Lack of Sleep Is Costing You More Than You Think
Certain things are more essential than others. Perhaps most basic is the need for sleep.
In my younger years, I insisted I could get by on very little sleep. Burn the candle at both ends and sleep when you're dead.
That was a lie I told myself.
And scientifically untrue. Lack of sleep costs us dollars and years of our lives.
According to a study done in Australia last year, inadequate sleep will cost you money personally and affects the entire national GDP - to the tune of billions of dollars.
(Sure. I'm quite certain this study is using Australian dollars, but you get the idea. It's a lot. Read it for yourself.)
A major factor behind heart and artery disease, brain disease, diabetes, and depression is lack of sleep. Not to mention workplace injury and car crashes because we try to do things while excessively tired.
Sleep is not optional. But sleep can be optimized, and every attempt should be made to do so.
Do the math.
Basics. If you don't plan a good night's sleep, it won't happen. If the alarm needs to go off at 6:00 AM to get to work on time, that means the night time wind down should begin early enough to get into sleep mode by 10:00 PM. 11:00 PM at the latest, for an optimal 7-8 hours.
Delete the stimuli.
There've been a lot of studies about screens that keep us awake, so definitely cut screen time for an hour before your predetermined bedtime. But make sure to drop other stimuli like caffeine, excessive exercise, and novels (for some). Definitely stay away from thorny work problems. You won't solve them while sleep deprived. Do what it takes to calm down and unwind.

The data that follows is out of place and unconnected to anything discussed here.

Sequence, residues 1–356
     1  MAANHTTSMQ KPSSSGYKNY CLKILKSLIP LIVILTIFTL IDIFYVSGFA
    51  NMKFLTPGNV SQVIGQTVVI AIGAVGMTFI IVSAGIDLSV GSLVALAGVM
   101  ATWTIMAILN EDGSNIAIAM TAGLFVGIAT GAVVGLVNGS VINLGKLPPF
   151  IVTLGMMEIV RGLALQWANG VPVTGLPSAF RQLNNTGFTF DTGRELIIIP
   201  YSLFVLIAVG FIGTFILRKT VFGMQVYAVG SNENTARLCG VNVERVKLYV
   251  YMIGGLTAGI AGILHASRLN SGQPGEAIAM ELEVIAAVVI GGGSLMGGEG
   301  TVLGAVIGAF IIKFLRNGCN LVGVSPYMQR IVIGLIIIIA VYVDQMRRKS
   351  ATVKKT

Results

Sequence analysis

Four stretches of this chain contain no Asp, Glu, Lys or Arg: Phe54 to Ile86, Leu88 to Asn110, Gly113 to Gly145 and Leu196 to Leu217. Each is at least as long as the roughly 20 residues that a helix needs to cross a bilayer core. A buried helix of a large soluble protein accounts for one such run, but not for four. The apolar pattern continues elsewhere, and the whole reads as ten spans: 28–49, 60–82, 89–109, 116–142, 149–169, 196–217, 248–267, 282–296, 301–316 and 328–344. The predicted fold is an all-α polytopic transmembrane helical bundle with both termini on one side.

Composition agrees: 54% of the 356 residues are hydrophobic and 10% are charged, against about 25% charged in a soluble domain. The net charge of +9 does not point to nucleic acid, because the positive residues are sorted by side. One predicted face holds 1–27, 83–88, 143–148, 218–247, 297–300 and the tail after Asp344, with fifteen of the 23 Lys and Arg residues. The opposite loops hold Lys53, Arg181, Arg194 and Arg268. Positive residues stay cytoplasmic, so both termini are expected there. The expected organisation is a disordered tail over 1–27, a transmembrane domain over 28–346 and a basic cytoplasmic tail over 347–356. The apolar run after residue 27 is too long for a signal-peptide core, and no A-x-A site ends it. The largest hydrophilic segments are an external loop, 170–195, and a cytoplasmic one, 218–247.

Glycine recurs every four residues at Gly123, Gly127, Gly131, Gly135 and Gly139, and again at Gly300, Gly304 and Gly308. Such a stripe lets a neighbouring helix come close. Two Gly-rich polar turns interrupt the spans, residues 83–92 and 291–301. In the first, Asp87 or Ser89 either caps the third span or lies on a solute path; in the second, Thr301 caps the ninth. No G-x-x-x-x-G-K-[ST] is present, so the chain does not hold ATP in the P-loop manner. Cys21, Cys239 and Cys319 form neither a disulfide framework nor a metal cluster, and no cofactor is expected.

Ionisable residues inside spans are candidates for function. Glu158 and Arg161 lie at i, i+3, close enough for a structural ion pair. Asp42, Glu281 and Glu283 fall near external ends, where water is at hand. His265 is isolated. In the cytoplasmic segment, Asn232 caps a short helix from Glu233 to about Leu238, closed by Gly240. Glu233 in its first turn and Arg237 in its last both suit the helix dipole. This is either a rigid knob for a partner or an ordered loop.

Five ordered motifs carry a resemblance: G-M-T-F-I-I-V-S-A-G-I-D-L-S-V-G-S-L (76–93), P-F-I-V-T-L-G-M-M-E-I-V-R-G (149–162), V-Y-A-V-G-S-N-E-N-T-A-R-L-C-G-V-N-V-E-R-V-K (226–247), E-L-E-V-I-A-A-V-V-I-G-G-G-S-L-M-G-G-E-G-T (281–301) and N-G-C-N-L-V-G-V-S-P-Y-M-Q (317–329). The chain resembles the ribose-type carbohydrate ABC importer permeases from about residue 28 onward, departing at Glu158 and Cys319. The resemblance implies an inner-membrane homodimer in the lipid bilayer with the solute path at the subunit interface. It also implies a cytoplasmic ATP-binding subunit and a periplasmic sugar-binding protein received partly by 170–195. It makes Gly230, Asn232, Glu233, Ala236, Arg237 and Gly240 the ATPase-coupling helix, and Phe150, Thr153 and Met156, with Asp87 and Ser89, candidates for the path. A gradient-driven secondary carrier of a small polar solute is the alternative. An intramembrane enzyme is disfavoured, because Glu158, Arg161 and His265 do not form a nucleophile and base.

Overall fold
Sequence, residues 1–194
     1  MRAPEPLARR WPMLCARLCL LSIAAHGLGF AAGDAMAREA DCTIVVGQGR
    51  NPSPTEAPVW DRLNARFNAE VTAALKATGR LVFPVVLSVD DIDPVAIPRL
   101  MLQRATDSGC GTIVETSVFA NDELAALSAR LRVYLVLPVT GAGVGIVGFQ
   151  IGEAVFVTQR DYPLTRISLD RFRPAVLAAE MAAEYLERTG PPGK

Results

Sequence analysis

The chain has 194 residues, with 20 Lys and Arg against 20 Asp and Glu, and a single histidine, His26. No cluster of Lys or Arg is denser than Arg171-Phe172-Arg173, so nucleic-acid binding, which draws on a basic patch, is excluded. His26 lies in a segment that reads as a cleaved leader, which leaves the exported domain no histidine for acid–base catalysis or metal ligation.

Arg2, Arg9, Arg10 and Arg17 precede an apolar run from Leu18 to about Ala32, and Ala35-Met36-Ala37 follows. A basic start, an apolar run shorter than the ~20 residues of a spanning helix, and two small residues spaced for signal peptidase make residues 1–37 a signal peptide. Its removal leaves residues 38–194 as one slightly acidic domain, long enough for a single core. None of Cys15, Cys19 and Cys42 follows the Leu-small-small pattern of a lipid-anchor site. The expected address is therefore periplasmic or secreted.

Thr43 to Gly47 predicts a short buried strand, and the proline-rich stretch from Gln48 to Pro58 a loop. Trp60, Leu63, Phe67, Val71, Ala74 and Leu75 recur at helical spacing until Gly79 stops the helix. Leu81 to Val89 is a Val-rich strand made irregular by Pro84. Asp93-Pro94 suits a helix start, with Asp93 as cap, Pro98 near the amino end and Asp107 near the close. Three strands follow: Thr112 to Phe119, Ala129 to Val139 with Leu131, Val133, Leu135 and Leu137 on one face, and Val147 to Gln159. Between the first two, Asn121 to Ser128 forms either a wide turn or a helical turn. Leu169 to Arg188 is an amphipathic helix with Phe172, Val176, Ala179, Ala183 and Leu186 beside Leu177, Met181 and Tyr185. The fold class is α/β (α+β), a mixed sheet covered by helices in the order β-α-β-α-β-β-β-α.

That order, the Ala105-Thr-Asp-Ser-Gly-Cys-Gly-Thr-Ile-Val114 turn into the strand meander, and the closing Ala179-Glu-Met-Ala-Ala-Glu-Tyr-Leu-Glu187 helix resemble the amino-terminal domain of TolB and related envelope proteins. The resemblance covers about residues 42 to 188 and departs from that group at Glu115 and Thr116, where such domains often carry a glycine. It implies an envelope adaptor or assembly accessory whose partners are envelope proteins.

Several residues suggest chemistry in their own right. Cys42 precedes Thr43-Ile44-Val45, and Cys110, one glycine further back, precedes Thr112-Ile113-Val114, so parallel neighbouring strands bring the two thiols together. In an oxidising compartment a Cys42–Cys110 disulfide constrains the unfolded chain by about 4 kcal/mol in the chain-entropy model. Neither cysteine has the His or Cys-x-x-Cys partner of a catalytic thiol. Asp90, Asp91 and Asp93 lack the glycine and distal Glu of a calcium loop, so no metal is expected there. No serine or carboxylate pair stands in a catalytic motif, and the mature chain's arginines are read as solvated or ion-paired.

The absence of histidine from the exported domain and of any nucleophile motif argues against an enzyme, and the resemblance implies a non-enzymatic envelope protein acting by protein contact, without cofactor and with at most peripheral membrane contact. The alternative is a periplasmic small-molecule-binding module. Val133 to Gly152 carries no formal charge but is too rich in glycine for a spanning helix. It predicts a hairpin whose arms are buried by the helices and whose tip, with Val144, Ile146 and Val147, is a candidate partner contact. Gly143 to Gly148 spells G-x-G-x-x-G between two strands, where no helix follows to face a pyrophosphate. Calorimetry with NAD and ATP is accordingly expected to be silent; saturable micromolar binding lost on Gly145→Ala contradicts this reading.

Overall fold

Darken the room.
It's all about circadian rhythms. Too much light at night, not enough light in the day (for most of us), and we're all out of whack. Some argue we have been since the invention of electricity. (Thank you Thomas Edison. Well, actually - Humphrey Davy. But if Edison took credit for the good of the technology, shouldn't he take the credit for the bad, as well?) Light is relentless. All night. The human body was meant to sleep in the dark, and even though there are those who insist they sleep better with the light on, it can't be backed by science. We sleep more soundly in the dark.
And sound sleep will not only make a difference in your productivity, decision-making capacity, overall job performance, and leadership - sound sleep is necessary for life. Don't skimp on this one.
Sleep is far more important than you may have previously thought.